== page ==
If the civil rights movement had been afraid to touch the deep defining “law of the land” we’d still be laboring under “separate but equal.” For as long as we stick with Regulatory Law and leave Defining Law to corporate lawyers, we’ll have corporate government.

What are we going to do tomorrow morning?

We could keep doing what hasn’t worked in case it works next time; we could denounce people who suggest that what we’re doing isn’t working; we could declare victory so our folks won’t get so depressed and discouraged. I’d like to steer clear of those options.

I’d also like to avoid “negotiating” with corporations as though they were persons with a role in a democratic system, and avoid doing anything else that accepts that corporations have the constitutional rights of human persons.

Here is one cluster of ideas for rewriting the Defining Law of corporations. It’s not a 3-point plan, and it’s not the beginning of a twenty point plan — just some ideas to think about.

1. Prohibit corporations from owning stock in other corporations. Owning stock in other corporations enables corporations to control huge markets and shift responsibility, liability, resources, assets and taxes back and forth among parent corporations, subsidiaries and other members of their unholy families. By defining corporations in such a way to prohibit such ownership, much of the anti-trust regulatory law becomes unnecessary and superfluous.

2. Prohibit corporations from being able to choose when to go out of business (in legalese, no voluntary dissolution). This would prevent corporations from dissolving themselves when it came time to pay taxes, repay government loans, pay creditors, pay pensions, pay for health care, and pay for toxic cleanups.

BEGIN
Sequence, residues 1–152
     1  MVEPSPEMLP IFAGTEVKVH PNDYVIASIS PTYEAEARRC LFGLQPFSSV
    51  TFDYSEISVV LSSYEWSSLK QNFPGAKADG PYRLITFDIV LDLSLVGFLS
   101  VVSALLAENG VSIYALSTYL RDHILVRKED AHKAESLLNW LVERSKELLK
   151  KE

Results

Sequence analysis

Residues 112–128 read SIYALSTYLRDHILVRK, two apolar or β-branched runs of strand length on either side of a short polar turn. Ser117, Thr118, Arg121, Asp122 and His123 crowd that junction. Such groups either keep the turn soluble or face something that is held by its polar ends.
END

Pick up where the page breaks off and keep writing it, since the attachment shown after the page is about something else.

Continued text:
3. Make stockholders liable for a corporation’s debts. People who want to be stockholders would reallocate their resources to corporations that they knew something about, that weren’t engaged in risky, toxic projects. (This would encourage local, sustainable businesses and healthy local economies. Imagine that.)

These three measures might seem “unrealistic” to some, but it beats the heck out of a voluntary code of conduct, or a wasted decade at a regulatory agency. All three of these provisions were once common features of state corporation codes. No wonder corporate apologists prefer that we hang around in the regulatory agencies with our heads spinning with parts per million and habitat conservation plans.

These three measures were quite effective, which is why corporation lawyers worked so hard to get rid of them. But they address only a tiny portion of what needs to be done.

Here’s another cluster of ideas for ways to shape a democratic process that is about people. (The idea that corporations have “rights” would seem nonsensical to any but a colonized mind.)

1. No corporate participation in the democratic process. Democracy is for and about human beings. Corporations should be prohibited from paying for any political advertisements, making any campaign contributions, or seeking to influence the democratic process in any way.

2. Corporations have no constitutional rights.

A corporation is an artificial creation set up to serve a public need, not an independent entity with intrinsic “rights.”

3. Corporations should be prohibited from making any civic, charitable, or educational donations. Such donations are used to warp the entire social and economic fabric of society, and make people afraid to speak out against corporations.

These probably seem even more “unrealistic” than the first batch. Imagine how good it is for corporate executives that we find these ideas “impractical.” And by the way, these were all once law, too.